I don’t think it is that easy. If it was a case of including the www or other sub-domain, then it is very straight forward. But the complexity comes in when you start considering the domain name extension as well as an optional sub-domain being included.
Here’s some simple examples of some URLs and the expected text part of the link results.
Those are all real domain name extensions after my forum ID. There are well over 8,000 currently and it continues to grow, and they seem to vary between one and three dotted components in length.
I think you actually need to match the domain name extension, then track back one period separated string before that, and return that combination.
Now you could be thorough and iterate over all 8k+ domain name extensions, or you could perhaps whittle it down to the ones you are most likely to come across/use, which would improve the performance substantially I suspect
But, if it were okay to return the sub domain as well, then it’s just splitting the URL by forward slashes an taking the third element.
Why do you say the domain is the third element? Wouldn’t it be the second element? http:// is the first element; you’ll throw that away.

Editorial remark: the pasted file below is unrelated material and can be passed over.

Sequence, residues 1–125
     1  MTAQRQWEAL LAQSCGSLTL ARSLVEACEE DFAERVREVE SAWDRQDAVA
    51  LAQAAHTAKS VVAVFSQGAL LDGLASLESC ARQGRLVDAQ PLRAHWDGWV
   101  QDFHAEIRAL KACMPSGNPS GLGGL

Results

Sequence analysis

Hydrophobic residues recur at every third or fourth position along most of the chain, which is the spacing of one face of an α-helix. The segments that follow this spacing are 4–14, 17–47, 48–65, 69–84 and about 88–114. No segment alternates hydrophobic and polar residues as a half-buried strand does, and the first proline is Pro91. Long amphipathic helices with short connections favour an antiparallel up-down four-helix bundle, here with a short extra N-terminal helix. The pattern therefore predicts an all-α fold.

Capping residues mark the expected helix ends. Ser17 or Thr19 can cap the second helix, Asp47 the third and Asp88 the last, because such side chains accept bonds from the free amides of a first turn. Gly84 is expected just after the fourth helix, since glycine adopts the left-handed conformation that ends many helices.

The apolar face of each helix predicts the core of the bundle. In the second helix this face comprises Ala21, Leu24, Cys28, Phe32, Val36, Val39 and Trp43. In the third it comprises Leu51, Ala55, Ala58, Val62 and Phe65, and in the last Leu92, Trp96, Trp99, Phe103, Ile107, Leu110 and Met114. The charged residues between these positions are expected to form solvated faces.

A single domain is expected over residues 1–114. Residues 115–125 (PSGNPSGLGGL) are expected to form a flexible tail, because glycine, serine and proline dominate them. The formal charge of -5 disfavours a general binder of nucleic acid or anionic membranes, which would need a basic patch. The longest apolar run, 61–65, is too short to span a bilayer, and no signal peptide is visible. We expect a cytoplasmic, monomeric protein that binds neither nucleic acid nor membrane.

The domain is the next element, ending in the TLD.
Then throw away the next / and everything to the right of that.
@agiletortoise My regex skills are very, very bad. Hence my query here! Suppose I could learn but I thought there might be something lying around that would work, or that some regex genius could whomp something together in a minute.
This regex101 demo is pretty naive but is a basic pattern that would work for most cases, and you end up with the full URL in the full match and $2 would contain the domain for use in the substitution.
I’m about to go out so don’t have time to stick it in an action, but it’s a start.